Our library is navigating its first major weeding project in decades. After years of a no-weeding policy, the library is now weeding most of its print collection. We would like to present our road so far as a mix of guidance, considerations, and cautionary tale.
Our first challenge was deciding what to keep. Our initial guidelines were vague: keep anything older than 1917, locally relevant, or “of particular interest to faculty or staff.” We had extensive discussions to clarify these criteria and establish others, such as circulation history and electronic access.
The next hurdle was to establish a procedure. While we were encouraged to physically evaluate each item by hand, this did not match our time constraints. Instead, we utilized reports from our ILS to sort monographs into three categories: “Keep,” “Weed,” and “Investigate.” Our serials librarian created a system to determine electronic overlap in serials.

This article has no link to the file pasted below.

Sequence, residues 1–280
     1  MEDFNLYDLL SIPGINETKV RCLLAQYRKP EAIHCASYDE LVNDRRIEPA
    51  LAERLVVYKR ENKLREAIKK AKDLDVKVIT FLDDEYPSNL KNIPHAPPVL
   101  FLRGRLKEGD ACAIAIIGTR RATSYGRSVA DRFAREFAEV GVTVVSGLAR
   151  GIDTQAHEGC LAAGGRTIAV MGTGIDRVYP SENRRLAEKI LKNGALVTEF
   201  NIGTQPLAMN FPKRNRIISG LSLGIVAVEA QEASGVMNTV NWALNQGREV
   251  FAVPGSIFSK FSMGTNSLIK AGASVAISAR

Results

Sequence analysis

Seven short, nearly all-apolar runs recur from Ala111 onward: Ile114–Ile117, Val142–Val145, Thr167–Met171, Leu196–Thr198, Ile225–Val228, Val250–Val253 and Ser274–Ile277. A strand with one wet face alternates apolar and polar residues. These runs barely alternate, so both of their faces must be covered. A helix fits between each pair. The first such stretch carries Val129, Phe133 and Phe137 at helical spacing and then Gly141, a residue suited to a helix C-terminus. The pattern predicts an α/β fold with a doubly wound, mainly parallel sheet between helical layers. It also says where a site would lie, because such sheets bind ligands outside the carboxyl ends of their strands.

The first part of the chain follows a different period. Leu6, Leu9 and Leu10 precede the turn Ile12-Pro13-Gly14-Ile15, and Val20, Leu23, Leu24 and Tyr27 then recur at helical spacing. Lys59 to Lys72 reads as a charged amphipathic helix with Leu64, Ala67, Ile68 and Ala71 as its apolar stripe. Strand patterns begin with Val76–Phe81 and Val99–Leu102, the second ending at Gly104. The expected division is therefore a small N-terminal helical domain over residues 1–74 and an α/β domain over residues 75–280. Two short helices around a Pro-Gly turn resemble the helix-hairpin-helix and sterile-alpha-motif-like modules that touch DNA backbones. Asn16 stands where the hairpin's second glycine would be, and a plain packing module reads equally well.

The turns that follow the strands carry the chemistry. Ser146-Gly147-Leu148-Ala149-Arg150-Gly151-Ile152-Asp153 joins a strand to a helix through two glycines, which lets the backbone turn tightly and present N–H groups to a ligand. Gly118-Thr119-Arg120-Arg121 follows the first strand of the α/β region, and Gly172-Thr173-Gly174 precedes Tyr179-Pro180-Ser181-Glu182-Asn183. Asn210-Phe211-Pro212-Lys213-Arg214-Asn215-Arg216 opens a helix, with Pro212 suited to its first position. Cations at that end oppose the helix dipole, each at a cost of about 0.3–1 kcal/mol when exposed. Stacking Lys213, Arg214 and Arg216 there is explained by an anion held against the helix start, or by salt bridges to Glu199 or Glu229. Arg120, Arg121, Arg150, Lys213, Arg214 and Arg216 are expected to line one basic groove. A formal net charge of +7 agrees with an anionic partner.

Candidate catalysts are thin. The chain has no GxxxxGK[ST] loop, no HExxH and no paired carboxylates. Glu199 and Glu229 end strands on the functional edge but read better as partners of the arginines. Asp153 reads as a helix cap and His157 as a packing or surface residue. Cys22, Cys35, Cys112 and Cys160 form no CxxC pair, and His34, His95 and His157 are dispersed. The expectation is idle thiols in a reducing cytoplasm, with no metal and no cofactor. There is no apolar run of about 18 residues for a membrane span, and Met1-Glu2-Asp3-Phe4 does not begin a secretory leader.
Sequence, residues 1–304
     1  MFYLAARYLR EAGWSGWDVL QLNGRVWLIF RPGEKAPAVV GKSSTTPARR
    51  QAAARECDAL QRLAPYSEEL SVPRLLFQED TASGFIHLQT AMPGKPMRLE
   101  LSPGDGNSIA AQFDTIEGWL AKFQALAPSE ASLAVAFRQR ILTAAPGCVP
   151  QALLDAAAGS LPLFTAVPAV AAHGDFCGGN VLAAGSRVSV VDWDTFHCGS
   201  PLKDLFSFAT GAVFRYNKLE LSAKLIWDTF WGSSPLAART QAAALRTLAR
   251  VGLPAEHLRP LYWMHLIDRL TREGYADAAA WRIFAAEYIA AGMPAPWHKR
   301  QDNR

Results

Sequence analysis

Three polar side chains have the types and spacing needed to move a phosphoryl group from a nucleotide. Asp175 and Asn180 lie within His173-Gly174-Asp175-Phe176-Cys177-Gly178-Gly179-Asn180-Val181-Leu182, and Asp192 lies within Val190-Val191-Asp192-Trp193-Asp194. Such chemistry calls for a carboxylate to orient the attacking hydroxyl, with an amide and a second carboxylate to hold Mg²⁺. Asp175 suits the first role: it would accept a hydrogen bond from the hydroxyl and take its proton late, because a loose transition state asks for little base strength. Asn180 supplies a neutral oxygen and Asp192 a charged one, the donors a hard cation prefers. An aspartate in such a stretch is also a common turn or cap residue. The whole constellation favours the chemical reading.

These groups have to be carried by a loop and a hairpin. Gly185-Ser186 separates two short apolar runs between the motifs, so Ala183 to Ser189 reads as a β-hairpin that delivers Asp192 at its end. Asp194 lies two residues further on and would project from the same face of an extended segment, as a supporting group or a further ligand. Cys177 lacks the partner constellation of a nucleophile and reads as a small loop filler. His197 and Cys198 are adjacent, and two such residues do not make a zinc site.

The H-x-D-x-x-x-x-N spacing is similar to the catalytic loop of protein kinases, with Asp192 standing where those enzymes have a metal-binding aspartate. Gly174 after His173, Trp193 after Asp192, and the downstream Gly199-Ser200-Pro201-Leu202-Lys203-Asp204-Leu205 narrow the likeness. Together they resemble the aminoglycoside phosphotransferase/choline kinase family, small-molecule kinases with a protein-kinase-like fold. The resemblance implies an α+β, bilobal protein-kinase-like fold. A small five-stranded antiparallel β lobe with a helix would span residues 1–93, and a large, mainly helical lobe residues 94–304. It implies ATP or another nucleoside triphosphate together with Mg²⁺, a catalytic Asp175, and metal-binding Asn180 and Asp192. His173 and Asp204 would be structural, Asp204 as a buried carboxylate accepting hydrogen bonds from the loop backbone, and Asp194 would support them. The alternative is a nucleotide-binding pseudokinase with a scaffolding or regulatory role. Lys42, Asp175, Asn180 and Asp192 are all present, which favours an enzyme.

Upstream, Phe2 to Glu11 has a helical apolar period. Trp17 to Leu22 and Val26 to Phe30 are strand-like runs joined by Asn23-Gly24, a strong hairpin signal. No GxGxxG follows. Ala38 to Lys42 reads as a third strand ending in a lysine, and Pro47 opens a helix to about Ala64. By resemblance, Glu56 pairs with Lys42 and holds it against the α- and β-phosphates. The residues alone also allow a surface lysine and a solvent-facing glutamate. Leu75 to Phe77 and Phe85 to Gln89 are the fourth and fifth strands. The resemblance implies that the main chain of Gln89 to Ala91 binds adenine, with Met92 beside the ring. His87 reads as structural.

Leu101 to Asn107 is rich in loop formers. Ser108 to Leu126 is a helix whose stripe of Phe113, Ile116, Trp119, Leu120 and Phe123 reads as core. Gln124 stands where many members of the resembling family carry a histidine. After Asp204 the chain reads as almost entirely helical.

Another difficulty emerged in allocating staff time and energy. With such a physical project, it was essential to consider the well-being of our staff as well as the time and energy pulled from other duties. We continue to work toward a balance that is fair to our paraprofessionals, student workers and librarians.
We have also been navigating best practices for discarded items. We are currently working with a local recycling company, but are researching other options in case funds or logistics require a change. We have a long road ahead, but would love to share our experiences with others so that they can better navigate their own path.
Michelle Bowers– Catalog Librarian, Preston Smith Library - Texas Tech Health Science Ctr